As I was reading Matthew 1 this morning, I was thinking about the women listed in Jesus’ genealogy. In the patriarchal world of the ancient Middle East, if a woman was listed you better take notice because the author had a very specific reason for listing her. It is repeatedly pointed out that some of them were foreign to Israel and thus their inclusion spoke to the inclusive nature of Jesus’ mission. As I was pondering these women, it also struck me that each of them was oppressed or marginalized in some fashion.
Tamar was widowed and left to wither alone in her father’s house; yet, she risked her life by tricking her father-in-law into doing his duty as her patriarch. She dressed as a prostitute, offered herself to Judah, and got a set of twins which birthed the line of Jesus for her efforts. God redeemed her.
Rahab was a gentile prostitute (the Hebrew also indicates “innkeeper” – which had a reputation for debauchery in that time) who believed in God – based on his reputation alone – enough to risk her life to help his people. God redeemed her.
Ruth was a Moabitess – an eternal enemy of the Israelites – and a widow. She gave up a life of security, protection, and provision to care for her beloved mother-in-law through weeks of hard desert travel to an unknown country and unknown future because she met a trustworthy God through her husband’s family. She was led to Boaz, who provided for her and Naomi and eventually became their go’el – their kinsman redeemer. God redeemed her.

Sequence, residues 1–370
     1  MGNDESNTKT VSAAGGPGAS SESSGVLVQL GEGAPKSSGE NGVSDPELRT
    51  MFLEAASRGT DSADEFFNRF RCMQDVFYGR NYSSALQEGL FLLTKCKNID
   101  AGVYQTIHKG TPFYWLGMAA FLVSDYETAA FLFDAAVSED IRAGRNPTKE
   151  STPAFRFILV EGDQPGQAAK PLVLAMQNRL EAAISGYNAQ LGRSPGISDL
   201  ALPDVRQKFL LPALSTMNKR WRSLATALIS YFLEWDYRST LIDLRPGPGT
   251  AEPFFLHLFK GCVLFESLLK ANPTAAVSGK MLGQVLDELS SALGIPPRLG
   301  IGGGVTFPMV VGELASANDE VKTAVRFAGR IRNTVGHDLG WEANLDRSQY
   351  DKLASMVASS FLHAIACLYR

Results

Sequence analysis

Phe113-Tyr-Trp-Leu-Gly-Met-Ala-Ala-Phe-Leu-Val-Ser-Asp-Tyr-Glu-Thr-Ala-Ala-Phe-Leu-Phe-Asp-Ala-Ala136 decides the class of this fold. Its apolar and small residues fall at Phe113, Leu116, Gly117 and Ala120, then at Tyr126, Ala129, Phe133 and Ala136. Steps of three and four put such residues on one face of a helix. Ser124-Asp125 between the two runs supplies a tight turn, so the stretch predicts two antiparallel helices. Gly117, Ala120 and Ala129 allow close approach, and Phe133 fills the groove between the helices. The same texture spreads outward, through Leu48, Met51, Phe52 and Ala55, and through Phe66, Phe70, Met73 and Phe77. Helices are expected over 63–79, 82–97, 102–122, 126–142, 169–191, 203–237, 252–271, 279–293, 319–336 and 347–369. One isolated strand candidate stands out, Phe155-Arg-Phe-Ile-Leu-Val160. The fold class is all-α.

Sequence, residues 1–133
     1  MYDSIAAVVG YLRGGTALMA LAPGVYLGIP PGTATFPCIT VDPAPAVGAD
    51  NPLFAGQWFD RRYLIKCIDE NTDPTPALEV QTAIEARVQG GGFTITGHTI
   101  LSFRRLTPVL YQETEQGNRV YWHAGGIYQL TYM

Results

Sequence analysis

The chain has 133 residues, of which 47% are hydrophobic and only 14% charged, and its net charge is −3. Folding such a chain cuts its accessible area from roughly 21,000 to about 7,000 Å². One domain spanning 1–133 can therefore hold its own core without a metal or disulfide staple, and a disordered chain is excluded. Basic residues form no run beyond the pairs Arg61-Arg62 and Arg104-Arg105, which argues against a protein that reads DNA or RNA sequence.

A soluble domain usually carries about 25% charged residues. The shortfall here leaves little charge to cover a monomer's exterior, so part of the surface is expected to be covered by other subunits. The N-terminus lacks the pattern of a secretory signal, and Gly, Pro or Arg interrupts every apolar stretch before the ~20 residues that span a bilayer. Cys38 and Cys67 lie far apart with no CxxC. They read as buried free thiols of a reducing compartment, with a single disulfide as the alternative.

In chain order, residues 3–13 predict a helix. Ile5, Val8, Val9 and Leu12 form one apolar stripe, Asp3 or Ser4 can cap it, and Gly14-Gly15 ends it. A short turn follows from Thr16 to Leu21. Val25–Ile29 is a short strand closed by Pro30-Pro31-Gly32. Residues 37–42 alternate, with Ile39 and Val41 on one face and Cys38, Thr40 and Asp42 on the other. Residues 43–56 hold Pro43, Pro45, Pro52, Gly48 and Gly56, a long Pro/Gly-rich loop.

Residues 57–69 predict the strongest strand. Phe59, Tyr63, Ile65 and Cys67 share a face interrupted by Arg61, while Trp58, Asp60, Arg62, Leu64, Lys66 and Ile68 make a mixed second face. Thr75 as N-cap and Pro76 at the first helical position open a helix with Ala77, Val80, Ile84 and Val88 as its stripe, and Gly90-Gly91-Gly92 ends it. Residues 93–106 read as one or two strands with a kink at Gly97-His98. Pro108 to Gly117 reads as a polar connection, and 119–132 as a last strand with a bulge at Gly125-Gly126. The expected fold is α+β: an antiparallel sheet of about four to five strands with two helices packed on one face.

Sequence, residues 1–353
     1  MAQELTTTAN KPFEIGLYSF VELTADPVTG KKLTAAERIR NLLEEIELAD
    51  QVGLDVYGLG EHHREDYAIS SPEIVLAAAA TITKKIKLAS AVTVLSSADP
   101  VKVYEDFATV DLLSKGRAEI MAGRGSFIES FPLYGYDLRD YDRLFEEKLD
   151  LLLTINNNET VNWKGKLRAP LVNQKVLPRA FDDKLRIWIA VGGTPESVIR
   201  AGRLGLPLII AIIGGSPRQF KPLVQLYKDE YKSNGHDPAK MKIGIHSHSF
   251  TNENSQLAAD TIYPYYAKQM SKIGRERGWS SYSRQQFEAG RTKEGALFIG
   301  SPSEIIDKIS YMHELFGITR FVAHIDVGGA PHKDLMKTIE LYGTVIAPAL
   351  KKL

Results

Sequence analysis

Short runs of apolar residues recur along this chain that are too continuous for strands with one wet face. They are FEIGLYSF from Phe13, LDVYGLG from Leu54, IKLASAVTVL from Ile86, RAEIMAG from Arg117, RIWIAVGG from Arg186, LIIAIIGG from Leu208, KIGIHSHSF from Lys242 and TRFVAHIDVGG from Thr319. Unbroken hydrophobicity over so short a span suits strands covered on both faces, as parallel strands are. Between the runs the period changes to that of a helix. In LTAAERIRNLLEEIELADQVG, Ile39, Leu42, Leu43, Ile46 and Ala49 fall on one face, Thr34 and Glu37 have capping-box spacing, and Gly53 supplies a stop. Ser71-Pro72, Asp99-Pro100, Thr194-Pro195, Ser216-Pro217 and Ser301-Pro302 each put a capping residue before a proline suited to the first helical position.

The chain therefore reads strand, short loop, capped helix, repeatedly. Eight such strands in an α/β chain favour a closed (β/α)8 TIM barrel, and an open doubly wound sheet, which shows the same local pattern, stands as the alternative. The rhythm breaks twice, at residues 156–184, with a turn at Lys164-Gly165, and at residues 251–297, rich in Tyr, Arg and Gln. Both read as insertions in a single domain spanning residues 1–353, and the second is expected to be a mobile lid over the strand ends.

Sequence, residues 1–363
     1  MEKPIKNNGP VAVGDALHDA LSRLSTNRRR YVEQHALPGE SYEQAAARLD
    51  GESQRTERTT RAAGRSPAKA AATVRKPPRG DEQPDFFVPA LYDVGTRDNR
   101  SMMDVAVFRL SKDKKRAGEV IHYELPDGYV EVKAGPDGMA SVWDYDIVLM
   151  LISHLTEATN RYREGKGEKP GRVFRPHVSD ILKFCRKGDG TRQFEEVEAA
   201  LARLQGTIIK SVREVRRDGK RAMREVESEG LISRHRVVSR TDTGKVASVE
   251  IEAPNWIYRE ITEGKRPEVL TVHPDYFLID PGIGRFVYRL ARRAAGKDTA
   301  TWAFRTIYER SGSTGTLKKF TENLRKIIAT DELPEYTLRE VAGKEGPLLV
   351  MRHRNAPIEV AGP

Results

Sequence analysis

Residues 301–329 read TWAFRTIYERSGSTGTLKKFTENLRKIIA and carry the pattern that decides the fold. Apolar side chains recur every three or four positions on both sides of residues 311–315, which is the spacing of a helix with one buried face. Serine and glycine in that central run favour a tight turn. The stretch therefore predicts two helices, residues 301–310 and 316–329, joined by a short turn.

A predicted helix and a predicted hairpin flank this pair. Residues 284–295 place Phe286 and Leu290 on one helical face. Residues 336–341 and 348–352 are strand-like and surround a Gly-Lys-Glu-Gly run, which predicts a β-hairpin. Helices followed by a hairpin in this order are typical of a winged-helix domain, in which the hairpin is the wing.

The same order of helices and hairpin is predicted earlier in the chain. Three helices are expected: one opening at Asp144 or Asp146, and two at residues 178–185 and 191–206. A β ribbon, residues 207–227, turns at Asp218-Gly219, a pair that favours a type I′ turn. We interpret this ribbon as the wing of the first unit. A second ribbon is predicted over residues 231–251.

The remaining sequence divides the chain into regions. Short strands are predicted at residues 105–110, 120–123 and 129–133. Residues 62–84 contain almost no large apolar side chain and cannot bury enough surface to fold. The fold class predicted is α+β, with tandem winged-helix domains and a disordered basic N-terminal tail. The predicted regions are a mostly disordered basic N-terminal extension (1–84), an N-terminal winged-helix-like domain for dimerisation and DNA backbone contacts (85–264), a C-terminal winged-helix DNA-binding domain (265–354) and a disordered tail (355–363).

Bathsheba, the wife of Uriah, bathed on a roof built into the palace wall – in clear site of the palace and anyone who cared to look from its heights. *Gasp! Scandalous.* Whether by choice or coercion, she spent a night with the king while her husband was at war – resulting in her husband’s murder by said king to cover up their sin and the resulting pregnancy. She married her husband’s murderer and birthed the wisest/richest king in biblical history, and the line of the Eternal King who became the savior of the world. God redeemed her.
Mary lived humbly and righteously. She was called to risk her life to bring forth Messiah into the world. She rejoiced in her plight. God redeemed her.
Whatever your background or history says about you, God will redeem you, too.